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Historical Fiction

Historical Fiction is a genre that fictionalizes real places, people, and events. It takes place in the past with accurate historical details in regard to customs, technologies, people, and events.

These stories might involve recognizable characters from history, such as Cleopatra, William Churchill, etc. Alternatively, they might tell a fictional story with fictional characters in a real place and time. 

Some subgenerae of historical fiction are alternate history, historical fantasy, and speculative history. These explore what might’ve happened if one event was different or an important historical figure made a different choice. 

Historical Fiction pronunciation: His-tor-ee-cull fick-shun

Historical Fiction definition

 

Definition and Explanation of Historical Fiction

Historical fiction is concerned with fusing real places, events, and people with fictionalized accounts of those features. This might mean that a character is inserted into a place or time in which they didn’t exist, but they’re there to live and relay the events occurring. For example, a servant in a country house, a doctor during the Black Death, or a family in the Great Depression. These people didn’t exist, but the events around them did. This allows writers to tell clear and compelling stories about the past without being constrained to only that for which there is a historical record. 

 

Elements of Historical Fiction

Historical fiction can be broken down into five elements that make it interesting and well worth reading (and even writing). These are:

The setting is the most important of the five. It should be somewhere in the past, in a place and time that’s authentic. Without that authenticity, the “historical” aspect of the novel will be lost. The plot and characters might be fictitious or combine elements of fiction and reality. They might do things they did in real life with fictional characters the author created or face difficulties, then, in reality, they didn’t. It’s important to consider how far to push this feature. If a character murders someone or does something completely, unlike what the real person did, again, one might lose touch with the historical aspect of the novel.

Also important are dialogue and conflict. The dialogue should, like the setting, feeling authentic. The characters should use words fitting their time period. The conflicts they encounter should be similarly fitting for the time period.

 

Best Historical Fiction Novels 

Wolf Hall by Hilary Mantel

Wolf Hall is one of the most popular historical fiction novels of the last decades. It was published in 2009 and is set between 1500 and 1535 in Wolfhall, in Wiltshire. The novel follows Stephen Gardiner, master secretary to King Henry VIII, Princess Mary, the only surviving child of Henry and Catherine, Mary Boleyn (Anne Boleyn’s sister), Jane Seymour, Thomas Boleyn, and more. It won the Man Booker Prize in 2009 as well as the National Book Critics Circle Award. 

 

The Pillars of the Earth by Ken Follett 

The Pillars of the Earth is a well-loved, masterful story that takes place in the 12th century in the fictional town of Kingsbridge, England. It follows the development of a cathedral, the builder, his family, surrounding romances, murders, and more. It’s the first novel in the Kingsbridge Series. The second and third were published in 2007 and 2017.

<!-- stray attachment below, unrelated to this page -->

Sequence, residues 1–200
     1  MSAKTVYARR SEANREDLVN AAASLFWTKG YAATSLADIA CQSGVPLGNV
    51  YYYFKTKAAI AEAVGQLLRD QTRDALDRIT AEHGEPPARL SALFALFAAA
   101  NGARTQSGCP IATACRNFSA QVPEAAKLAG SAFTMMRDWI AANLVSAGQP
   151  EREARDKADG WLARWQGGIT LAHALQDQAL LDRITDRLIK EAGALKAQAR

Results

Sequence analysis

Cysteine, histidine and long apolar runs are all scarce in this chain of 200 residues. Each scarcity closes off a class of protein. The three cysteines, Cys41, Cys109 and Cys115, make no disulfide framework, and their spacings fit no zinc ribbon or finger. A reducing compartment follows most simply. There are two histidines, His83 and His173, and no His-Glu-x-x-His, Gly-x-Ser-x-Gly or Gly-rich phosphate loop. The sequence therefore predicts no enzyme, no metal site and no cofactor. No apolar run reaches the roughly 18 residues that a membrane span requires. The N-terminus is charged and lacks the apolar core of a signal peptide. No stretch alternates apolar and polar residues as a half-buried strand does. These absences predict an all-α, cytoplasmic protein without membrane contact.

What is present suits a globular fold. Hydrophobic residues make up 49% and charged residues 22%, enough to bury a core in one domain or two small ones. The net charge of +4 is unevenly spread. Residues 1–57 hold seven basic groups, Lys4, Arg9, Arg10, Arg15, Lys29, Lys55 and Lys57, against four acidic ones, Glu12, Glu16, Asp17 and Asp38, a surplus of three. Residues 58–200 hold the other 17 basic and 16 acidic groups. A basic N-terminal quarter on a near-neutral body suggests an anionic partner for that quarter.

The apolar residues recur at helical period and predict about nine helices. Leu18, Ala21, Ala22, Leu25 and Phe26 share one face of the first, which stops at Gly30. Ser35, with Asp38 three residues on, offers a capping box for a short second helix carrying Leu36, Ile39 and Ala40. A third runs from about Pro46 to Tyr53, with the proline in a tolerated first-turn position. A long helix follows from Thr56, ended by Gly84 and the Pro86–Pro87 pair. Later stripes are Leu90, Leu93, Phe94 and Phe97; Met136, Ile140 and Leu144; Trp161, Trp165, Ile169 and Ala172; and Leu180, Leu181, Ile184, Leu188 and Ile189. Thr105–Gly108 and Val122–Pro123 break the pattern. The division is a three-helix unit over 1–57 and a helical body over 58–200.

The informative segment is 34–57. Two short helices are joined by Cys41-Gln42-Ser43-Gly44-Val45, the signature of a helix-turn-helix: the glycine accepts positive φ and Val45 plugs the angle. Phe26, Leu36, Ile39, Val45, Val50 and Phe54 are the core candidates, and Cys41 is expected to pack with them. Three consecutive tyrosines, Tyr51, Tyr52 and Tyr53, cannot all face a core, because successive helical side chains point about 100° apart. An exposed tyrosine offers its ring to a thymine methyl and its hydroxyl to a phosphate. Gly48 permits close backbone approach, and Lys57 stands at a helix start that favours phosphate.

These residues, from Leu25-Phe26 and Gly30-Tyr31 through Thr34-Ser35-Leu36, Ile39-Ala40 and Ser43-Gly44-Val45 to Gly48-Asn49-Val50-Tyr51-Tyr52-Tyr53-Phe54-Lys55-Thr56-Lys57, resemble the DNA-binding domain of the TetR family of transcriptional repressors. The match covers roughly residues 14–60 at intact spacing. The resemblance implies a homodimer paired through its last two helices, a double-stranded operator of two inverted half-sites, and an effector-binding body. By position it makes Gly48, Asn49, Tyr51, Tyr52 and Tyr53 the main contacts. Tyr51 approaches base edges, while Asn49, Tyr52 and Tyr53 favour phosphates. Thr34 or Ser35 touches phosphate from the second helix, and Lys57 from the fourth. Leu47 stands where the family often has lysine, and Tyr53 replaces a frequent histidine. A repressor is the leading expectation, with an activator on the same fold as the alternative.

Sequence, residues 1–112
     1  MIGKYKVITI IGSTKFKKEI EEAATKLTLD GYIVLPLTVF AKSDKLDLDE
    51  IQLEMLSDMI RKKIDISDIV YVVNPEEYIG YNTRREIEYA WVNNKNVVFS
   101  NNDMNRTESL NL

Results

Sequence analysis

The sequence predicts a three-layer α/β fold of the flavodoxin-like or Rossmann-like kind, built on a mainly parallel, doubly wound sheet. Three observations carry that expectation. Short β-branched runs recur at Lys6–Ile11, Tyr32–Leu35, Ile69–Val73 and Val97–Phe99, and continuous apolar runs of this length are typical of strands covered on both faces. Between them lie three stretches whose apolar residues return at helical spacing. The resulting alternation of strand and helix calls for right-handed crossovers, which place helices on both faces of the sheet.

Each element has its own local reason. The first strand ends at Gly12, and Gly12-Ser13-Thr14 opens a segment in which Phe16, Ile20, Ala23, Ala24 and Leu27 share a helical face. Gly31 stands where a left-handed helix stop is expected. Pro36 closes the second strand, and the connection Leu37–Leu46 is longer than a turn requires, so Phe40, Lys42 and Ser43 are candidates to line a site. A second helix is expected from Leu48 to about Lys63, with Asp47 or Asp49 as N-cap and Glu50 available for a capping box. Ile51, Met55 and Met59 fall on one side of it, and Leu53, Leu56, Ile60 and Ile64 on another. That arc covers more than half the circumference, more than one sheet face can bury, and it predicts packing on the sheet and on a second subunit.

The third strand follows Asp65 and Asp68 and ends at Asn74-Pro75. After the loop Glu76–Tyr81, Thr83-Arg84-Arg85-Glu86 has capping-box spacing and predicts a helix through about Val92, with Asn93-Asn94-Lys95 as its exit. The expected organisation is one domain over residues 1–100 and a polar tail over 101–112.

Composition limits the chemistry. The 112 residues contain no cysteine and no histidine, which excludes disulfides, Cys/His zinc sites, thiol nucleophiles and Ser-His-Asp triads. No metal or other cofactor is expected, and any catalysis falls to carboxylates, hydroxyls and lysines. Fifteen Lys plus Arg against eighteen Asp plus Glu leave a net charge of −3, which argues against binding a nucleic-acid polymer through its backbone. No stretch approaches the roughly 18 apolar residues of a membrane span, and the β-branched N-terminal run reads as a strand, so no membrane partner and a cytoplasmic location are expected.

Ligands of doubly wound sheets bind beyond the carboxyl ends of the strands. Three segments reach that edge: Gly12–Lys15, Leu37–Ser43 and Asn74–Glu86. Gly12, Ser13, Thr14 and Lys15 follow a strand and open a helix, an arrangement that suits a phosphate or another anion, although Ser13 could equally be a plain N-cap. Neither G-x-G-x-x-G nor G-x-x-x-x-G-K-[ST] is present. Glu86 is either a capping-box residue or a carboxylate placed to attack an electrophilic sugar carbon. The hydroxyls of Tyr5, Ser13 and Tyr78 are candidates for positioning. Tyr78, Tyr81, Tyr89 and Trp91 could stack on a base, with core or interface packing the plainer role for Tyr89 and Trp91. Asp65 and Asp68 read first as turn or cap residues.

All the Light We Cannot See by Anthony Doerr

All the Light We Cannot See is a Pulitzer Prize-winning novel published in 2014. It is set in France during World War II and follows a blind French girl and a German boy. When France is invaded by Germany, the young blind girl, Marie-Laure and her father flee to the coast. Marie reads out broadcasts of her favorite novel, Twenty Thousand Leagues Under the Sea, while Werner, the German boy, listens through the radio. 

 

Best Historical Fiction Films

Braveheart (1995) 

An epic film featuring Mel Gibson who portrays William Wallace, a Scotsman, and warrior from the 13th century. It follows his fight against Edward I of England, his losses and eventual death, and martyrdom at the hands of the English. 

 

Cold Mountain (2003)

A film based on a novel of the same name. It’s set in North Carolina after the state secedes from the Union in 1861 and follows the lives of Ada, played by Nicole Kidman, and Inman, played by Jude Law. Their love affair, his time in the army, and how she works while he’s away are the central features of the novel and film. 

 

The Duchess (2008) 

The Duchess is set in the late 18th century and follows Georgiana Cavenish, an English Aristocrat played by Kiera Knightly. It explores her upbringing, her role as a woman in society, her true love, and her marriage. The film won the Academy Award for Best Costume Design.  

 

Related Literary Terms 

  • Horror: a genre of fiction that plays with human fear, feelings of terror, dread, and repulsion to entertain the audience.
  • Gothic: that which deals with themes of death, the supernatural, sorrow, fear, loss, and more.
  • Fantasy: a literary genre that includes talking animals, magic, and other worlds. It includes plots that couldn’t take place in the real world.
  • Science Fiction: a literary genre that focuses on imaginative content based on science.
  • Genre: a type of art, literary work, or musical composition that is defined by its content, style, or a specific form to which it conforms.
  • Protagonist: the main character of a story, generally considered to be the hero or the force for good.
  • Antagonist: a character who is considered to be the rival of the protagonist.

 

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